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Insider’s guide to Mallorca, Spain – Living 360

Pic:  Jasper Juinen/Getty Images

Pic: Jasper Juinen/Getty Images

Mallorca is the largest island in the Balearics. You may think of Mallorca as a party island, however, this is much more to this beautiful gem than cocktails and dancing. Mallorca has a stunning coastline, but also an equally as beautiful interior- especially outside of the high season, when the streets are empty and you are free to explore. The island has a mountain range, a World Heritage Site, wineries and luxurious resorts. There is so much to do and see, from exploring the countryside, to diving in the crystal clear ocean. We have put our thoughts together to get started..


If you want to watch the sunset over this stunning paradise, then head down to Caleta de Frares. Located on the Bonaire peninsula in Pollensa, Caleta de Frares is a deserted rocky beach where the open ocean looks like a beautiful blue pool. Another beach to visit is Es Coll Baix, a secret, secluded beach at the foot of a cliff, under the shadow of a degence tower from the 16th century. It is difficult to find, but once you do you will be astounded.


For walking adventures, visit the S’Albufera Nature Reserve. On the northeast cost, there are over 4,200 acres of wetlands here, making a great spot for cycling, walking and bird watching. There are over 200 bird species within these wetlands, including kestrels, falcons and purple herons!


Another sanctuary is the Lluc Sanctuary. Set in Serra de Tramuntana, Lluc is the spiritual center of Mallorca. In the 13th century a figure of the Madonna was found on the site, and so it became a place of pilgrimage and the foundation of a monastery. The monastery is now a simple yet beautiful hotel, and the original figure of Madonna is not adorned with a jeweled crown and on display in Basilica.



One way to spend a day and see the island is by vintage train. There is a wooden train that runs from Palmer to Soller, 17 miles away, and follows a route through tunnels cut through the mountains, olive groves, citrus orchards and pine forest. Once you have stopped at Soller, explore the little town. Look at the Art Noveau houses, shop in the craft markets or take the tram down to the harbor for lunch.


If you are a fan of wine, then spend your time exploring Mallorca’s wineries. Most of the wines are made in and around Binissalem- a village north-east of Palma. The main grapes used are Callet, Manto Negro and Moll, and most of the wineries are open to the public. The most famous winery is the winery of Jose L. Ferrer, but you should also visit the less well-known wineries, such as Vins Nadal and Son Prim.


Spend some time away from the beach and go hunting for new purchases. There is a great shopping scene in Mallorca, with vintage fashion, new designers and urban art.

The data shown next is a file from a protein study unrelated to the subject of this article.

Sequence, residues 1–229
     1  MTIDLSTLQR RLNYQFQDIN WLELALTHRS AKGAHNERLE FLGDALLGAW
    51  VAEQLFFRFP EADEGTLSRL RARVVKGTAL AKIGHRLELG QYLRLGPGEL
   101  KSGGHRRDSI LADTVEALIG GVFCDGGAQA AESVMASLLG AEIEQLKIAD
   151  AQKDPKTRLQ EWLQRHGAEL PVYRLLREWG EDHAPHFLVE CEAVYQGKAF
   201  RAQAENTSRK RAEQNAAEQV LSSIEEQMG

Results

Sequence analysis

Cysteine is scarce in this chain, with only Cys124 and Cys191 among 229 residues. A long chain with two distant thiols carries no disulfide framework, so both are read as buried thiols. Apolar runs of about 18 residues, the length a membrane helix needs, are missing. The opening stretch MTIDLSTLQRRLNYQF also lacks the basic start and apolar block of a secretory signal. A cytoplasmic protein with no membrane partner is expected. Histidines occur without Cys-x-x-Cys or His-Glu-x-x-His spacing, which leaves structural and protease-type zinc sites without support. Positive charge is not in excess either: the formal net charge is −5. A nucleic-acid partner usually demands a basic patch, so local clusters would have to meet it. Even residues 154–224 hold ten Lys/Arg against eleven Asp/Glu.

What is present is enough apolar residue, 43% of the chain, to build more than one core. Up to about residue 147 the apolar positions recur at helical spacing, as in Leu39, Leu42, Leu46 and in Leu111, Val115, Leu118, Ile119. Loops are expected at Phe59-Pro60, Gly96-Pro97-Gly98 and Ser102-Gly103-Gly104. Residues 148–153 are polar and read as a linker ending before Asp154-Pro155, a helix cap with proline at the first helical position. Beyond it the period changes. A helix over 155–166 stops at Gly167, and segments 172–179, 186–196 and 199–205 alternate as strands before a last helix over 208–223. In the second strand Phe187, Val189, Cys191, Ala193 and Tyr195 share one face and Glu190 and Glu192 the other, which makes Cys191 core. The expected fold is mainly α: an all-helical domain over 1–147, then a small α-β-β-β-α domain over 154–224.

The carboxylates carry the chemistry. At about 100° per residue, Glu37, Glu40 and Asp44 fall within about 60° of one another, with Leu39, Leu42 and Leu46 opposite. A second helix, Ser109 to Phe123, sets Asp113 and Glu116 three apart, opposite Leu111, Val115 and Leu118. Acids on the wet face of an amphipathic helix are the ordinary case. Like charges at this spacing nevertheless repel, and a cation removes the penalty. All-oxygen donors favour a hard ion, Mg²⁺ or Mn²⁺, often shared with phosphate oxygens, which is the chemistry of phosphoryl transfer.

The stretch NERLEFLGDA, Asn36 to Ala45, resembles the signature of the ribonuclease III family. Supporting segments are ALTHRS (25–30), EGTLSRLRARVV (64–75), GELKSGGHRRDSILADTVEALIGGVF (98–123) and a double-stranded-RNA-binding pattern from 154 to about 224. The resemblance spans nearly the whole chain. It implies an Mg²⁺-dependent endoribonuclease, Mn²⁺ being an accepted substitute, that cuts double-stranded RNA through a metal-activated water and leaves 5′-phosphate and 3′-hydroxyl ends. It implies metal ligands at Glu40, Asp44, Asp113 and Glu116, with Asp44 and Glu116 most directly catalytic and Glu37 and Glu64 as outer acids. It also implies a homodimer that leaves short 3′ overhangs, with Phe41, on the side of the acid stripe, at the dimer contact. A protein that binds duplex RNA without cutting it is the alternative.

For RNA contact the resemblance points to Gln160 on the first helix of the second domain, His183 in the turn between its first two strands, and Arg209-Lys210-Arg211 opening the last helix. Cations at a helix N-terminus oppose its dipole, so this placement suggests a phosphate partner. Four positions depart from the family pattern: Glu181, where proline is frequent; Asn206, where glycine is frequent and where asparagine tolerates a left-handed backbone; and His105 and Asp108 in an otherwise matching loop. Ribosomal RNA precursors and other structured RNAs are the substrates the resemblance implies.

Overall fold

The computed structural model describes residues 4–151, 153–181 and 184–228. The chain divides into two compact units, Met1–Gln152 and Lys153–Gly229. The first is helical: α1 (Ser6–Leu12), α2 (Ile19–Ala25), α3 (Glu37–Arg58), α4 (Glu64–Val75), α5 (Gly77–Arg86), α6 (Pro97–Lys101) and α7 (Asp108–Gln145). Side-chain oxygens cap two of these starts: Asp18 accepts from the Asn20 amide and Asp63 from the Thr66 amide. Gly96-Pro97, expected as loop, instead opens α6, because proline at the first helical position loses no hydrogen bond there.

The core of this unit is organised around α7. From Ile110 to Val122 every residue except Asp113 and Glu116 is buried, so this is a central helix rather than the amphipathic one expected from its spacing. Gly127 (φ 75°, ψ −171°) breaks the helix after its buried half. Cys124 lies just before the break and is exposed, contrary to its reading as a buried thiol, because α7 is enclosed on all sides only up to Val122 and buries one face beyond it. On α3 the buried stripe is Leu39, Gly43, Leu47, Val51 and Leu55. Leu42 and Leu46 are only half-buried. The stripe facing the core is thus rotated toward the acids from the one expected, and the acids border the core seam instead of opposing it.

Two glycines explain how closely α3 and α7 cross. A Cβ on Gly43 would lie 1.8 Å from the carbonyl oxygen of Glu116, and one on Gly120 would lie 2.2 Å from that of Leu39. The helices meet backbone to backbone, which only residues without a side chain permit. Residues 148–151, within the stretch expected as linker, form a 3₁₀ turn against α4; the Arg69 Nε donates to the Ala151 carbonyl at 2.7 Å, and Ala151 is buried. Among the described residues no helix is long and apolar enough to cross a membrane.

Simply Fosh


Carrer de la Missió, 7, 07003 Palma +34 971 72 01 14

Marc Fosh is a British chef who creates Mediterranean dishes using local produce. The restaurant was awarded a Michelin star in 2014, and the menu changes seasonally. Expect to see dishes such as hake with artichoke-tomato ristotto, apply vodka jelly and loin of hare with poached pear.

Es Guix


Urbanización Es Guix, Escorca 00 34 971 517092

Almost hidden among the holm oaks, this restaurant in the Serra de Tramuntana mountains near Lluc Sanctuary is the perfect place for lunch. The terraces are built into the hillside overlooking a rock pool, and provide ample shade for hot days. The menu is traditional Mallorcan, with dishes such as arros brut- a rice dish made with chicken, rabbit and sausages.

Bar Nou

Calle Antoni Maura 13, Pollensa

00 34 971 530005

With homemade paella and fresh fish, this eatery in Pollensa is tasty, affordable and unpretentious. The terrace area is beautiful, so if you make a booking make sure that you ask for an outside table.


The whole island of Mallorca is only about 45 miles from north to south, and 60 miles from east to west, so if you are driving you can explore the whole island from wherever you choose to stay.

Lluc Monastery

Plaza Peregrins, 1, 07315 Lluc, Mallorca

+34 971 87 15 25

We touched upon the monastery earlier on in this article, and it is definitely worth mentioning again. The monastery is surrounded by holm oaks, has beautiful walking tracks around and you can hear the sounds of the choir school and the sheep bells.

Viva Vanity Hotel Suite

Urbanización Cala Mesquida, s/n, 07580 Capdepera

+34 971 56 65 80

This hotel is adults-only. Hidden in the north-east of the island, the pool area is incredible and is surrounded by loungers and four-poster day beds on a grassy lawn. The menu is buffet style for all meals, and there is even a nightly activity program if you want to get involved in the action!


Now, this is not a suggestion of a hotel, but rather an area to stay in. Arta is a small, picturesque town in the north-east of Mallorca. This charming little town has old traditional houses, adorned with olive trees and even small pools, and these are easy to rent as visitors. There are nearby coves and beaches, and the best thing about staying here is that it is a quaint, un-touristy little sanctuary.


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